right to privacy

Topics: Privacy, Human rights, Universal Declaration of Human Rights Pages: 17 (6188 words) Published: September 22, 2014
Right To Privacy Under Article 21 and the Related Conflicts

A very fascinating development in the Indian Constitutional jurisprudence is the extended dimension given to Article 21 by the Supreme Court in post-Maneka era. The Supreme Court has asserted that Art. 21 is the heart of the Fundamental Rights. Article 21 has proved to be multi-dimensional. The extension in the dimensions of Art.21 has been made possible by giving a extended meaning to the word ‘life’ and ‘liberty’ in Article 21. These two words in Art.21 are not to be read narrowly. These are organic terms which are to be construed meaningfully.

The Supreme Court has asserted that in order to treat a right as a fundamental right, it is not necessary that it should be expressly stated in the constitution as a Fundamental Right. Political, social, and economic changes in the country entail the recognition of new rights. The law in its eternal youth grows to meet the demands of society.

Right to privacy is one such right which has come to its existence after widening up the dimensions of Article 21. The constitution in specific doesn’t grant any right to privacy as such. However, such a right has been culled by the Supreme Court from Art. 21 and several other provisions of the constitution read with the Directive Principles of State Policy. In this paper we will be discussing over a new dimension of Art. 21 that is the Right to Privacy and also the conflicts related to it.

Before we get into a complete discussion of Right to Privacy first of all we need to know what does the word Privacy mean. According to Black’s Law Dictionary “right to be let alone; the right of a person to be free from any unwarranted publicity; the right to live without any unwarranted interference by the public in matters with which the public is not necessarily concerned”.

Article 21 of the Constitution of India states that “No person shall be deprived of his life or personal liberty except according to procedure established by law”. After reading the Article 21, it has been interpreted that the term ‘life’ includes all those aspects of life which go to make a man’s life meaningful, complete and worth living.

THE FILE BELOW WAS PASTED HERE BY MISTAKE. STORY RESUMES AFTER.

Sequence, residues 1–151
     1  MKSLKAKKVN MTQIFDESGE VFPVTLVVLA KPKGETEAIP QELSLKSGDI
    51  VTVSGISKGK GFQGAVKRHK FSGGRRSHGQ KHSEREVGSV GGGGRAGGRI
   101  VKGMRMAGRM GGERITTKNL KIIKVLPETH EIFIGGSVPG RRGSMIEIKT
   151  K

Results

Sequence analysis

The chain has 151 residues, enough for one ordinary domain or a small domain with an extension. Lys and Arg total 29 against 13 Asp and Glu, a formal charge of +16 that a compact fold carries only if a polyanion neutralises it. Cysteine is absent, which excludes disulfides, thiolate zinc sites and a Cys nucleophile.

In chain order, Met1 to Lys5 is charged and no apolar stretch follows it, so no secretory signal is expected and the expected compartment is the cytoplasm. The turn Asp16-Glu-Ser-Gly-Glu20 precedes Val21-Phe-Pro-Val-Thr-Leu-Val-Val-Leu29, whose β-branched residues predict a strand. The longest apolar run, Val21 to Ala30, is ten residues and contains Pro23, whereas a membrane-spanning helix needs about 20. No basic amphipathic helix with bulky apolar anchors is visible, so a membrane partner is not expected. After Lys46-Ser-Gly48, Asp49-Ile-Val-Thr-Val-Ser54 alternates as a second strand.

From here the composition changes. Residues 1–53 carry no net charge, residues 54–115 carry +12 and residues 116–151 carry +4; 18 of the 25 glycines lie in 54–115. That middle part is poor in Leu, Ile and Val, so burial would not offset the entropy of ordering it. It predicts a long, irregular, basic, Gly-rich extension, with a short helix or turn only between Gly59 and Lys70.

Like everything mankind has ever achieved, there has been a positive and a negative side to it. Technology has invaded every part of our lives whether the invasion was desired or not, we cannot be sure whether what we say has been heard by a third party as well whether that was desired or not. The proverbial Hindi saying of even walls having ears has never rung truer. The principle of the world today can be: whatever you may do, the world will get to know before you realize, ask a certain Tiger Woods about it.

In the earlier times in India, the law would give protection only from physical dangers such as trespass from which the Right to Property emerged to secure his house and cattle. This was considered to be the Right to Life. As the ever changing common law grew to accommodate the problems faced by the people, it was realized that not only was physical security required, but also security of the spiritual self as well as of his feelings, intellect was required. Now the Right to Life has expanded in its scope and comprises the right to be let alone the right to liberty secures the exercise of extensive civil privileges; and the term “property” has grown to comprise every form of possession — intangible, as well as tangible.

The strategy adopted by the Supreme Court with a view to expand the ambit of Art. 21 and to imply certain right there from, has been to interpret Art.21 along with international charters on Human Rights.

The Court has implied the right of privacy from Art.21 by interpreting it in conformity with Art.12 of the Universal Declaration on Human Rights and Art.17 of the International Covenant on Civil and Political Rights, 1966. Both of these international documents provide for the right of privacy.

Right to privacy is not...

Bibliography: # Kharak Singh v. State of Uttar Pradesh AIR 1963 SC1295: (1964) 1 SCR 332
# Malak Singh v
# AIR 1950 SC 27: (1950) SCR 88.
# District Registrar and Collector v. Canara Bank, (2001) 1 SCC 496, 515: 2000 Supp (5) SCR 496.
# United States v. Miller, 425 US 435 (1976)
# AIR 1997 SC 568
# AIR 2008 AP 98
# AIR 1995 SC 264: (1994) 6 SCC 632: AIR 1994 SCW 4420.
# 1963 AIR 1295
# (1994) 6 SCC 632, 649 : AIR 1995 SC 264
# AIR (1998) 8 SCC 296, 305-307 : AIR 1999 SC 495
# Articles.timesofindia.indiatimes.com/2012-10-12/india/34412221_1_rti-act-central-information-commissioners-privacy accessed on 16th feb, 2013
# Richard Clayton, Hugh Tomlison; Privacy and Freedom Of Expression, 2010 Edn (OxfordUniversity Press. 2010)
# Poe vs
# Abhinav Chandrachud, The substantive Right to Privacy: tracing the Doctrinal Shadows of the Indian Constitution, (2006) 3 SCC (J)
# AIR 1950 SC 27
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